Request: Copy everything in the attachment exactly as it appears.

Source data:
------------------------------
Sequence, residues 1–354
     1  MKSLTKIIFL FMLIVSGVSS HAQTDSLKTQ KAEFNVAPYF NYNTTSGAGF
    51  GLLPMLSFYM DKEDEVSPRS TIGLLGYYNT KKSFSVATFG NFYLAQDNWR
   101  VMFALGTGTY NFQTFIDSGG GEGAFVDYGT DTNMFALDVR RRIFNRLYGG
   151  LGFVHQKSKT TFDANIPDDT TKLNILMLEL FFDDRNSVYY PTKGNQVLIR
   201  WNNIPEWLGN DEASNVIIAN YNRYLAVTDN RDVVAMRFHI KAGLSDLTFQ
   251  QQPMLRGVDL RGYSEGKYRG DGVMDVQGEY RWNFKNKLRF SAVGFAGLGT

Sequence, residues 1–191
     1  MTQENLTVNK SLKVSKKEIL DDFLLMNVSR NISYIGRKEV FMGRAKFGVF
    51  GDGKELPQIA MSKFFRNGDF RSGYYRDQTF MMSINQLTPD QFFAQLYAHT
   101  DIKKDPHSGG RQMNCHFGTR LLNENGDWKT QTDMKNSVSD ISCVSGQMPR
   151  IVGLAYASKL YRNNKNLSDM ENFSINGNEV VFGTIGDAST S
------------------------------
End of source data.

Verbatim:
Sequence, residues 1–354
     1  MKSLTKIIFL FMLIVSGVSS HAQTDSLKTQ KAEFNVAPYF NYNTTSGAGF
    51  GLLPMLSFYM DKEDEVSPRS TIGLLGYYNT KKSFSVATFG NFYLAQDNWR
   101  VMFALGTGTY NFQTFIDSGG GEGAFVDYGT DTNMFALDVR RRIFNRLYGG
   151  LGFVHQKSKT TFDANIPDDT TKLNILMLEL FFDDRNSVYY PTKGNQVLIR
   201  WNNIPEWLGN DEASNVIIAN YNRYLAVTDN RDVVAMRFHI KAGLSDLTFQ
   251  QQPMLRGVDL RGYSEGKYRG DGVMDVQGEY RWNFKNKLRF SAVGFAGLGT

Sequence, residues 1–191
     1  MTQENLTVNK SLKVSKKEIL DDFLLMNVSR NISYIGRKEV FMGRAKFGVF
    51  GDGKELPQIA MSKFFRNGDF RSGYYRDQTF MMSINQLTPD QFFAQLYAHT
   101  DIKKDPHSGG RQMNCHFGTR LLNENGDWKT QTDMKNSVSD ISCVSGQMPR
   151  IVGLAYASKL YRNNKNLSDM ENFSINGNEV VFGTIGDAST S